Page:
Jean Harlow's career undeniably crests into the 'sheer magnificence' category of movie acting with Victor Fleming's Reckless (1935); a glowing example of the studio bound melodrama that unexpectedly wallops its audience with genuine heart and soul. The film is loosely based on a 1931 scandal involving torch singer Libby Holman's marriage to tobacco heir Zachary Smith Reynolds and was first proposed as a project for Joan Crawford by writer/producer David O. Selznick. A bit of well-timed verisimilitude extended beyond the project's history. Jean Harlow replaced Crawford after Selznick felt that Harlow's real life romance with William Powell (her co-star) would deliver added cache at the box office. But Harlow was initially reluctant to accept the role. Her own husband, MGM producer Paul Bern had committed suicide the same as Zachary Smith did and her on screen husband, played by Franchot Tone, would have to.
The screenplay by Selznick and P.J. Wolfson changed the names 'to protect the innocent' but kept pretty much everything else in this high octane tear jerker. Harlow stars as Broadway chanteuse, Mona Leslie. We first meet Mona in jail for reckless driving. She is salvaged from the tank by sports promoter Ned Riley (William Powell) who has come to Mona's aid at the behest of her concerned Granny (loveably cantankerous May Robson). Granny knows that Ned carries a torch for Mona. However, at present that flame has been transferred from Mona to wealthy playboy Bob Harrison Jr. (Franchot Tone). Certain that his affections will not be reciprocated, Ned is reluctant to confess his true feelings to Mona. The one time he musters the courage to propose he finds that Mona has slipped off to sleep before he can find the words.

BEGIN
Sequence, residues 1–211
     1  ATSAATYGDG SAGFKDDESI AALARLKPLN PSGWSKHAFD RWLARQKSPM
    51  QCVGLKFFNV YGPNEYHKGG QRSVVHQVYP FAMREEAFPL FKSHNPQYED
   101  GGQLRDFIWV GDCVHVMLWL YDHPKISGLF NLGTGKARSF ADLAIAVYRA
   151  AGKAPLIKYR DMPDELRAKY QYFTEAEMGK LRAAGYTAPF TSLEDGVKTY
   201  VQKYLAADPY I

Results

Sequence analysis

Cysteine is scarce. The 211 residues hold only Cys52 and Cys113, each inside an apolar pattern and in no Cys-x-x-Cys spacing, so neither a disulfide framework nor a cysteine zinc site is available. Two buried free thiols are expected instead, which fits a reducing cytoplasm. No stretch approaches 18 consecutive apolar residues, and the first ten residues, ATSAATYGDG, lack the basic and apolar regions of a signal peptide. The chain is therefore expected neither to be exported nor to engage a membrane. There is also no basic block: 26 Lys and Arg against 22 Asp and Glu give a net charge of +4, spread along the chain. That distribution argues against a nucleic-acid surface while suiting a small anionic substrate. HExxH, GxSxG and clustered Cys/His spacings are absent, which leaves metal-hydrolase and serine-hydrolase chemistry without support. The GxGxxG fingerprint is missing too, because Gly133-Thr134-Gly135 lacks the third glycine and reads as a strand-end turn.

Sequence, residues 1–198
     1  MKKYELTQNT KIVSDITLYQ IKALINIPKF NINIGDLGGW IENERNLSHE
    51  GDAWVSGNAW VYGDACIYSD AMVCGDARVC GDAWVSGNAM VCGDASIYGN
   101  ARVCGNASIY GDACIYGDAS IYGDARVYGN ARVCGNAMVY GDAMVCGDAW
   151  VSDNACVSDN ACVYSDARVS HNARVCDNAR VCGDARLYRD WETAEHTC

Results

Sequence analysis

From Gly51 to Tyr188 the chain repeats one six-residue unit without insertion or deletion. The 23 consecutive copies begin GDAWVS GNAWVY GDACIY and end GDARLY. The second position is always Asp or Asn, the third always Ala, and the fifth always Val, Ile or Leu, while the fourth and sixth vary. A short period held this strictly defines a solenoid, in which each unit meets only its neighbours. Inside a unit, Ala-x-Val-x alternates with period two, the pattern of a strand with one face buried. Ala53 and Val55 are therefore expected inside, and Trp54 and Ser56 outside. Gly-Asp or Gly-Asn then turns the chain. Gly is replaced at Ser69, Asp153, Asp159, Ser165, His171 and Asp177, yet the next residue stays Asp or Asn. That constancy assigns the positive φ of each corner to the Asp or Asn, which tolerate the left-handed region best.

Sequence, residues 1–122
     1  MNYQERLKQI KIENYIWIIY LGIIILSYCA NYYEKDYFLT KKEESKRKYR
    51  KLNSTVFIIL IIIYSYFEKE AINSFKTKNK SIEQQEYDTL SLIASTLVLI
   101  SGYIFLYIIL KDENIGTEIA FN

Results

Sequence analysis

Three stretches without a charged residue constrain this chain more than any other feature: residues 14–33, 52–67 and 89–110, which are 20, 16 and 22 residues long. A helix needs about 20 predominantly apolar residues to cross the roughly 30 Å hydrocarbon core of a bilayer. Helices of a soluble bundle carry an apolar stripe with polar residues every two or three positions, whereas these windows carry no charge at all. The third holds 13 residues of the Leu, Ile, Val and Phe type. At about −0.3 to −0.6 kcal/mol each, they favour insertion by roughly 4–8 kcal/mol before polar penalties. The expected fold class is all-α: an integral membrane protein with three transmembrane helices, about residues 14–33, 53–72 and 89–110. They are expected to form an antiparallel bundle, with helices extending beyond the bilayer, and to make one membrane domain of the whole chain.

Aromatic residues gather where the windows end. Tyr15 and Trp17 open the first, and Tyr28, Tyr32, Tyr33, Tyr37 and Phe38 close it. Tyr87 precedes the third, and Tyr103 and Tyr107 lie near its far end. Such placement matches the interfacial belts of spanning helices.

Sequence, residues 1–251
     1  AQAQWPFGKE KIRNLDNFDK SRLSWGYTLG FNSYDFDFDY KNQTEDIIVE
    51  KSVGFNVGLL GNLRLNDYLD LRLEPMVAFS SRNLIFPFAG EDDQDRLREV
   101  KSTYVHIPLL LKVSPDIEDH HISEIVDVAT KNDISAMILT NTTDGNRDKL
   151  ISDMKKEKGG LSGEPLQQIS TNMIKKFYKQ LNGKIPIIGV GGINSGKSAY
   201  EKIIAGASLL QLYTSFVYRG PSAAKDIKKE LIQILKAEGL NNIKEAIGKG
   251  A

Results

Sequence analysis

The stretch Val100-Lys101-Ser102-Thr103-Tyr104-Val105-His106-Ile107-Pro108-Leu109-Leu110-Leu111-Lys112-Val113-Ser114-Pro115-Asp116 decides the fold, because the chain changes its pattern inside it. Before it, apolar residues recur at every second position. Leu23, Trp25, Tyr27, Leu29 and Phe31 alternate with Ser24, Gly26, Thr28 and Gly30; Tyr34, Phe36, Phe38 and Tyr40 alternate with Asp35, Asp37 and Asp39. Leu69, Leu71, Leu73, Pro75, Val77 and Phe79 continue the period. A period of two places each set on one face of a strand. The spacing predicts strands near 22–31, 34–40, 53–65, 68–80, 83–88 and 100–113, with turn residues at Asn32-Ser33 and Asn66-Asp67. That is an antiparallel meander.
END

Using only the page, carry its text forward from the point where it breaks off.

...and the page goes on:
Bob is the rather devil-may-care sort. Although engaged to socialite Josephine Jo' Mercer (Rosalind Russell) he enjoys slumming with Mona. She, in turn, has mistaken his affections for genuine love. Out on a drunken bender, Bob decides to marry Mona, then quickly comes to regret his haste. Although Jo accepts their marriage and Mona without any sort of personal resentment, Bob's father, Colonel Harrison (Henry Stephenson) is unable to bring himself to be anything less than utterly condescending towards Mona.
Mona tolerates his paternal abuse, all the while hoping that he will someday warm up to her genuine kindness. Jo's brother Paul (Robert Light) is equally unwilling to let bygones be bygones. He deliberately excludes Bob from the country club fox hunt. This snub leads to the first of many scenes as Bob quickly realizes he is no longer welcome amongst the people he once regarded as his family and friends. Their alienation leads to his declining self-respect and his frequent turning to the bottle for solace. Mona does all that she can to win her husband back but it's no use. As Bob grows more sullen he begins to suspect that Ned is getting designs on his wife.
After making a public spectacle out of Jo's wedding to blueblood, Ralph Watson (Leon Ames), a severely drunken Bob confronts Mona and Ned in his hotel suite before taking his own life. The tabloids brand Bob's suicide a murder and suggest that Ned and Mona were in cahoots to finish him off for a million dollar settlement. Although a coroner's inquest eventually exonerates Ned and Mona of any such crime, the court of popular opinion refuses to surrender the rumors surrounding Bob's death. Ned and Mona are branded social pariahs and ostracized from all 'good' society.